Pensions on cross border transactions – yet another headache?

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In the third of a series of contributed articles, Rosalind Connor, partner of ARC Pensions Law LLP, explores pensions issues in cross-border transactions.

A seasoned M&A expert might feel that nothing could be worse than dealing with pensions on a UK deal.  The law is ridiculously complex and counter intuitive.  The issues can be politically explosive (as the recent furore over BHS has shown us).  Worst of all, not only can they be very costly but no one can give a precise figure of exactly how costly they are, or even (usually) a sensible range.

Like a punchline to a very weak joke, it turns out that the one thing worse than pensions on a domestic deal is pensions on an international deal, with cross border elements.  Pensions in all jurisdictions are heavily regulated and politically challenging (the issue of providing security for people’s old age is a live one across the world).  Funding issues for pensions are a global problem, particularly as global life expectancy, and their costs, continue to rise.

The fundamental issue for pensions on a cross border deal is how varied pension scheme regulation and delivery is in different jurisdictions.  For a start, the trust-based schemes of the UK are inevitably not available in civil law jurisdictions – although contractual trusts arrangements or CTAs were briefly popular in Germany.  Other arrangements include third party insurance (often very regulated), enormous industry- or even country-wide arrangements (sometimes Government backed) and even arrangements with no funding outside the business.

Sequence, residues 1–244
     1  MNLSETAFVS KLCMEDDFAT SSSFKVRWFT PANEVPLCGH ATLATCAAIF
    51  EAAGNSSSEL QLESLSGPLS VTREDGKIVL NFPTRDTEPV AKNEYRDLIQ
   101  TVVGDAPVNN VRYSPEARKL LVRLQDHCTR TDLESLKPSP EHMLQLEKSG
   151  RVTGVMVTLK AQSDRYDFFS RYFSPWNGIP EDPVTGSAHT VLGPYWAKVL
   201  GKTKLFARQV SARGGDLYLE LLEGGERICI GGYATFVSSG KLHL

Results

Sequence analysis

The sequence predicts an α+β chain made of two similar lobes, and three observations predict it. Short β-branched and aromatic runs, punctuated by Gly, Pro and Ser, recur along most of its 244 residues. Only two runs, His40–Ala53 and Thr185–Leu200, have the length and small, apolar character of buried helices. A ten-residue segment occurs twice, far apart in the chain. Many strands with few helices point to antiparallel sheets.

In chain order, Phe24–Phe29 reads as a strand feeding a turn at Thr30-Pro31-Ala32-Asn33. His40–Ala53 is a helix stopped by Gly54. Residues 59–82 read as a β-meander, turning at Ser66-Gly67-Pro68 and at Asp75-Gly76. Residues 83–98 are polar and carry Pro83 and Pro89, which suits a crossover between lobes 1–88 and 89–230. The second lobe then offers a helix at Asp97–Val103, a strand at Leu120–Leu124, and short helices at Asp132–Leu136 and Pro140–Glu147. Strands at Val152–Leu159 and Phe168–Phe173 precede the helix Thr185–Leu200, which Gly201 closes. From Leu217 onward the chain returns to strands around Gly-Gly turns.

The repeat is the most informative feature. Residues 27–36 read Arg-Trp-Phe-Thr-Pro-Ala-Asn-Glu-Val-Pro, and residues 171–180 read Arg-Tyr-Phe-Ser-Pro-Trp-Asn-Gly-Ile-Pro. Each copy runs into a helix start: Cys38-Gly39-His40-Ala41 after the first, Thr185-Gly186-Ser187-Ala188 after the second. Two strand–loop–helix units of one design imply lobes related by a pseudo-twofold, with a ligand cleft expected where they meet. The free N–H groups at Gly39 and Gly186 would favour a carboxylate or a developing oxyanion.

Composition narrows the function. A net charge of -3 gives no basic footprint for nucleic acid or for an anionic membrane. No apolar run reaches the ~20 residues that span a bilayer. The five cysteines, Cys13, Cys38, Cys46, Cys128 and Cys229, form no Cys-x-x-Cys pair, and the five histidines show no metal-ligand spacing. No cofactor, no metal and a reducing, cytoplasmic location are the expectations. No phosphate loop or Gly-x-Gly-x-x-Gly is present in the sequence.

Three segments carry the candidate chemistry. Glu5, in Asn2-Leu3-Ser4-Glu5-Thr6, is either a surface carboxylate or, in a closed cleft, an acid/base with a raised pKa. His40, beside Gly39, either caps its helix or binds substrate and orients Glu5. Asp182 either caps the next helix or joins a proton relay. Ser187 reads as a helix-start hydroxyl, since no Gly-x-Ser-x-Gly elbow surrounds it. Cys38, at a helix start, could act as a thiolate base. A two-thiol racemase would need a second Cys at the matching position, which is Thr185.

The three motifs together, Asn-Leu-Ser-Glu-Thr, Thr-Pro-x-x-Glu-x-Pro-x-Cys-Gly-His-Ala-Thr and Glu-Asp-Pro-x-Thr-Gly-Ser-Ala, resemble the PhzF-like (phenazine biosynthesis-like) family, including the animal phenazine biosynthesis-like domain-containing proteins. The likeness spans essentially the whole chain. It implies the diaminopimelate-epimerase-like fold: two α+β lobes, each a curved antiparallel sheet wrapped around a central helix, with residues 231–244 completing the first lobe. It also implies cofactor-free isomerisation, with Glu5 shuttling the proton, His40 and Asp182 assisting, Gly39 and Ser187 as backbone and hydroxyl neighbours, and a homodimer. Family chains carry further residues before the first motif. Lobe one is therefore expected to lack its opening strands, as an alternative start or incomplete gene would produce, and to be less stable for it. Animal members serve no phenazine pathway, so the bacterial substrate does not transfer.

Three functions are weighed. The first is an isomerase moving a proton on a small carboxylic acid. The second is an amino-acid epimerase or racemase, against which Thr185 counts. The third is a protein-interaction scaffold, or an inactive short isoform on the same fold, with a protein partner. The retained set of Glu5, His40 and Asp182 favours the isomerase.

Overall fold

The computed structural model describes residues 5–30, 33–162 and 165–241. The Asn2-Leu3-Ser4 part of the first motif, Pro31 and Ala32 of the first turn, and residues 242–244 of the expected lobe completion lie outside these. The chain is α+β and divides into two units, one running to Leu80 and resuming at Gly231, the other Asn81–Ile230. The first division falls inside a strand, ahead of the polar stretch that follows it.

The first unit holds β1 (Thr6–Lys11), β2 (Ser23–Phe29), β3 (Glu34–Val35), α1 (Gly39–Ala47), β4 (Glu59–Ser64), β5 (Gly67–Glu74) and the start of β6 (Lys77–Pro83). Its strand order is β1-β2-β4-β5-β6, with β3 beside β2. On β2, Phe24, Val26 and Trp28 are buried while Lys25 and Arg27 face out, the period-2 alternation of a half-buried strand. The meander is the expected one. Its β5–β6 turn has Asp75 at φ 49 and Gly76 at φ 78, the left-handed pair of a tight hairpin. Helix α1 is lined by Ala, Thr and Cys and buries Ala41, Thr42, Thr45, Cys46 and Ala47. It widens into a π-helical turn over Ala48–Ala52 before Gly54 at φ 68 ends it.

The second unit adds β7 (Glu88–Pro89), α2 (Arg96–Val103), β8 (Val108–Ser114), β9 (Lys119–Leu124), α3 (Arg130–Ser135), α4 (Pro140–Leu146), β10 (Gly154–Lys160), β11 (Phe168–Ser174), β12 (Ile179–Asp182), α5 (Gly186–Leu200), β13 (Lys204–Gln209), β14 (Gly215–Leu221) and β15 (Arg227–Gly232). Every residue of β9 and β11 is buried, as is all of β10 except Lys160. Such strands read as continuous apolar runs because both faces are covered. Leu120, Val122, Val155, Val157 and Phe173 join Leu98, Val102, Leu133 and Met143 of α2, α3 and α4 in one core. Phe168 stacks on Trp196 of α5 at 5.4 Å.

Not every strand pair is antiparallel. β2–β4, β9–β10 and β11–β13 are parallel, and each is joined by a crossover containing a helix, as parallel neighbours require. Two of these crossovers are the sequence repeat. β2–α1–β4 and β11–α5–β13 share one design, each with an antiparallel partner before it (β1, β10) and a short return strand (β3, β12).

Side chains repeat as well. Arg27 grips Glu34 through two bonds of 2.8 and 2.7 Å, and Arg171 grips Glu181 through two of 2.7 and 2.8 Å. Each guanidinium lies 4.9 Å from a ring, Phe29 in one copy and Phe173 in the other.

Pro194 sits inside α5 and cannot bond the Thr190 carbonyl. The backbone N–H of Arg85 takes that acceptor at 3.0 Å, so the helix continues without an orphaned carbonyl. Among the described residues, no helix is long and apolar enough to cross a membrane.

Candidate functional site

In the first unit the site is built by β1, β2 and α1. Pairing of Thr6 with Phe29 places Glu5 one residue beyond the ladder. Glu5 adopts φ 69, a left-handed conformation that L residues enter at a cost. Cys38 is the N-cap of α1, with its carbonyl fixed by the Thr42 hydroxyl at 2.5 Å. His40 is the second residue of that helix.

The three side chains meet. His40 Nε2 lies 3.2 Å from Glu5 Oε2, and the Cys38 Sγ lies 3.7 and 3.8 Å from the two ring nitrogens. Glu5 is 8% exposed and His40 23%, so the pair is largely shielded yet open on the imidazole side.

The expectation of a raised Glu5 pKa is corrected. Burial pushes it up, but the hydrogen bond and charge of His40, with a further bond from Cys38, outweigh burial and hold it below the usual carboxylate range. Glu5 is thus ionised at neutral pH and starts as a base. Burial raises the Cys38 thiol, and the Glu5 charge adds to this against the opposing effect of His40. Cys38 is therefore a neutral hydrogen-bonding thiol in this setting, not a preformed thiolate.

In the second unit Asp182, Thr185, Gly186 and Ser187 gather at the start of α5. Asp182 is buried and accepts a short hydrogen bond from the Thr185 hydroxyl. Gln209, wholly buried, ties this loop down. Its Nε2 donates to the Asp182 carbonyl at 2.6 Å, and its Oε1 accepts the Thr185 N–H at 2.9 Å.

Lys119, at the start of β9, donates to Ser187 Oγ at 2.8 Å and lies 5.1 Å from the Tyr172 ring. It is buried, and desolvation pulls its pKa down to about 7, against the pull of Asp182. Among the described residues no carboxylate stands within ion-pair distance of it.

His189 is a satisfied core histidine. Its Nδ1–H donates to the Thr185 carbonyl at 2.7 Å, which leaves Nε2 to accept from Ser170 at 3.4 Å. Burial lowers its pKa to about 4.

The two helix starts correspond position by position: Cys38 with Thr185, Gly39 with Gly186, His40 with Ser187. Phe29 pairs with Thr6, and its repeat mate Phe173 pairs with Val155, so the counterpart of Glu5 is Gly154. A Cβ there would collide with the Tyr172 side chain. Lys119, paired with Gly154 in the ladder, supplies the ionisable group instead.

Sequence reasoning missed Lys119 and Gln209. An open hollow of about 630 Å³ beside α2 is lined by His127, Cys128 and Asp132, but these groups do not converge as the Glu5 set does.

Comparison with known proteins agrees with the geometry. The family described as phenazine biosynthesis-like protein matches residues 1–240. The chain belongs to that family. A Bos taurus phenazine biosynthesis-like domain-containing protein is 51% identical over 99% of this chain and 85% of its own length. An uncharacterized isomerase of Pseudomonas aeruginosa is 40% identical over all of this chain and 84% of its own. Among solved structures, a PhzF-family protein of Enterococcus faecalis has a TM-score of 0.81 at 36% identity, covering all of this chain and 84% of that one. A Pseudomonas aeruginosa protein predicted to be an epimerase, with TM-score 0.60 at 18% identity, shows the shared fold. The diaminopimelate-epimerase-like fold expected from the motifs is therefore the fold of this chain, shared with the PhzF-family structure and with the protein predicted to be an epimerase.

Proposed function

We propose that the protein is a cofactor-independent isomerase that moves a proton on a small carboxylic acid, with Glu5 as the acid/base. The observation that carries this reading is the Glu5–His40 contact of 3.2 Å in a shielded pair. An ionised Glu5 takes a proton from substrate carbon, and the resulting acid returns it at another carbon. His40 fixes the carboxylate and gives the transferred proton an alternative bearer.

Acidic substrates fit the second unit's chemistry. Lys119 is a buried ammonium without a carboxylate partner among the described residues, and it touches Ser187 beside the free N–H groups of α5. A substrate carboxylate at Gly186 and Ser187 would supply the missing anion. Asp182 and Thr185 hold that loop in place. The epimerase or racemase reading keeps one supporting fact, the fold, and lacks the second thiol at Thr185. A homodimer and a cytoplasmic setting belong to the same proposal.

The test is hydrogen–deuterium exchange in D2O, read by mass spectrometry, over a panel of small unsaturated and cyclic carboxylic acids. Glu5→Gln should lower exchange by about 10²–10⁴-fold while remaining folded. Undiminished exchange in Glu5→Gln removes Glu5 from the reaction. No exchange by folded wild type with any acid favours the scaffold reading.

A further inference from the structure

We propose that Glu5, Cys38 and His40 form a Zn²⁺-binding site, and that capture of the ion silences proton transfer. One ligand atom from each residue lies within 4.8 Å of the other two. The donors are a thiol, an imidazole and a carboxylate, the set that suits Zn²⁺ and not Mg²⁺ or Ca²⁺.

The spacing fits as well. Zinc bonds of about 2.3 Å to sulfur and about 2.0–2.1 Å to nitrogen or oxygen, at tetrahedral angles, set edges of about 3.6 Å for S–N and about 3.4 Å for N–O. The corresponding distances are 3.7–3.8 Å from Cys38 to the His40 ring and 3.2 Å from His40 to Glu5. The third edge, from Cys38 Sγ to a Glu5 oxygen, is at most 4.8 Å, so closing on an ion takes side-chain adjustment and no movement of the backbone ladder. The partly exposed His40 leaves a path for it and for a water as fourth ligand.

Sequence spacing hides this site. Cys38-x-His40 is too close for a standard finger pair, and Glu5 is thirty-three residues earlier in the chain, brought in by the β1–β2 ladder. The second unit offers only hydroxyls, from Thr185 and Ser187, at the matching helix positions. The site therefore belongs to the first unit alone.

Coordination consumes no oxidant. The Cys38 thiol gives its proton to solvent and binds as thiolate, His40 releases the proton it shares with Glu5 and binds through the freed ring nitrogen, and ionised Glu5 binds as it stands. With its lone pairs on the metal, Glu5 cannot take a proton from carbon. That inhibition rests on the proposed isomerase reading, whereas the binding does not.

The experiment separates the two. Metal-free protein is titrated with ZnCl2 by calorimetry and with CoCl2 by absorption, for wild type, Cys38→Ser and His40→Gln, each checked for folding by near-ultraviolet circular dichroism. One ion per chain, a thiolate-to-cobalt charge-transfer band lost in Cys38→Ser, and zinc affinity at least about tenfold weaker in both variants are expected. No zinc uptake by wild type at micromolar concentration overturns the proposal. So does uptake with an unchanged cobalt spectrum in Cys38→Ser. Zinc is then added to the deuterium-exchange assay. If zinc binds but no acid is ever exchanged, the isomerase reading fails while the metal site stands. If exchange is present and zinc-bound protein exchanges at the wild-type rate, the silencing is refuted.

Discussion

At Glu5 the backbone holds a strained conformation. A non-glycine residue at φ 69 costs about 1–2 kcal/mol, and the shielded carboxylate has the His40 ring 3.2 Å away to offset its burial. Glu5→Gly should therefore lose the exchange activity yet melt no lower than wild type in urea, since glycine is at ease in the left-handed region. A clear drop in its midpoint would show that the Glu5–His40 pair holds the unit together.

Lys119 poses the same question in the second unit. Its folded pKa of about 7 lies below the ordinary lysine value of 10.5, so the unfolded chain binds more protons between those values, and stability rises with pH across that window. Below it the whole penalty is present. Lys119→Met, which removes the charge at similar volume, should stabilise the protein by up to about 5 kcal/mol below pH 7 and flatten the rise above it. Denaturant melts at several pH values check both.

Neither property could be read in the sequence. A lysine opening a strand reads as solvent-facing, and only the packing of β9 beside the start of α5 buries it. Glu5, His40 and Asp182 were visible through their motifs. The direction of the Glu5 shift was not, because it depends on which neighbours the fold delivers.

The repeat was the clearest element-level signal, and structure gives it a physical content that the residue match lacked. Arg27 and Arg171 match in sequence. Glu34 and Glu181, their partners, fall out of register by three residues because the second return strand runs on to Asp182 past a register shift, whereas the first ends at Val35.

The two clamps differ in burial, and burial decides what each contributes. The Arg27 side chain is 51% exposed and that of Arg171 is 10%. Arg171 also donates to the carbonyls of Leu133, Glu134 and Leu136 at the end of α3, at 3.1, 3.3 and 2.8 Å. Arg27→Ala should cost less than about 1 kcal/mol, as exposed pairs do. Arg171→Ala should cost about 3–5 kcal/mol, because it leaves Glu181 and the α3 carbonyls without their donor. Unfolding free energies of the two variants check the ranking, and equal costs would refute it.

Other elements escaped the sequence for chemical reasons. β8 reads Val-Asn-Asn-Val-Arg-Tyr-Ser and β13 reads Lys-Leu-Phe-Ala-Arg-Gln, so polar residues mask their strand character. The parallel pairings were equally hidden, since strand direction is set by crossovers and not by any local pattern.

Fundamentally, this tends to mean that a purchaser steeped in the pensions culture of one country finds it challenging to understand the structure and the obligations in another.  Pension lawyers can all recount tales of trying to explain trust law to French entrepreneurs, or German unfunded arrangements to Dutch businessmen.  Even when the structure seems similar, wide gulfs in regulation can be just as challenging.

This causes a particular problem with comparing funding levels and liabilities to the business.  The international accounting standard IAS19 is increasingly used to assess pension liabilities globally, but most pensions experts agree it can give a misleading, usually understated, impression of obligations.  In practice, it is increasingly common to turn to international actuarial firms to give a genuine assessment of the comparative financial cost of pensions of a global scale.

Once the deal is done, the different structures and regulation stand in the way of harmonisation.  Whereas cross border pension arrangements are permitted (and heavily regulated) within the EU, it is in practice incredibly difficult to feed an Austrian unfunded scheme into an insured Norwegian one.  In addition, the heavy local regulation may mean that even providing the same level of benefits in different jurisdiction is not permitted, as local collective bargaining arrangements may mandate different levels.

Cross border transactions are rarely halted by pensions – in the context, it is unusual for the pensions to be an overwhelming financial impediment.  However, the issues can be complex to deal with. If not anticipated in advance, they are often a significant delaying factor in closing the deal, a cost and complexity, and a thorn in the side of the deal team.